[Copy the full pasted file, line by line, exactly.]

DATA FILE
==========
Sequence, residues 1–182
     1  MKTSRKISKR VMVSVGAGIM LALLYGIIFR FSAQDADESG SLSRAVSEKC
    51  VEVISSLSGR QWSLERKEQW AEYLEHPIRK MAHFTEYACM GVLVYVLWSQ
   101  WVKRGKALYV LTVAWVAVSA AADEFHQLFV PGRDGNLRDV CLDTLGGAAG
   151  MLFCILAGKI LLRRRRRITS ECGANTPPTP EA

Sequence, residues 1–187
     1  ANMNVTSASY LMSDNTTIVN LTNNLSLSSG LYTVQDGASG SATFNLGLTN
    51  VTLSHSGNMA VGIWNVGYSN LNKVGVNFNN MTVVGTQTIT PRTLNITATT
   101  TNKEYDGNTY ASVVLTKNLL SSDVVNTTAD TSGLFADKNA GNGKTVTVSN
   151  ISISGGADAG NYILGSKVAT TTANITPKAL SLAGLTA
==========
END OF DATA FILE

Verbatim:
Sequence, residues 1–182
     1  MKTSRKISKR VMVSVGAGIM LALLYGIIFR FSAQDADESG SLSRAVSEKC
    51  VEVISSLSGR QWSLERKEQW AEYLEHPIRK MAHFTEYACM GVLVYVLWSQ
   101  WVKRGKALYV LTVAWVAVSA AADEFHQLFV PGRDGNLRDV CLDTLGGAAG
   151  MLFCILAGKI LLRRRRRITS ECGANTPPTP EA

Sequence, residues 1–187
     1  ANMNVTSASY LMSDNTTIVN LTNNLSLSSG LYTVQDGASG SATFNLGLTN
    51  VTLSHSGNMA VGIWNVGYSN LNKVGVNFNN MTVVGTQTIT PRTLNITATT
   101  TNKEYDGNTY ASVVLTKNLL SSDVVNTTAD TSGLFADKNA GNGKTVTVSN
   151  ISISGGADAG NYILGSKVAT TTANITPKAL SLAGLTA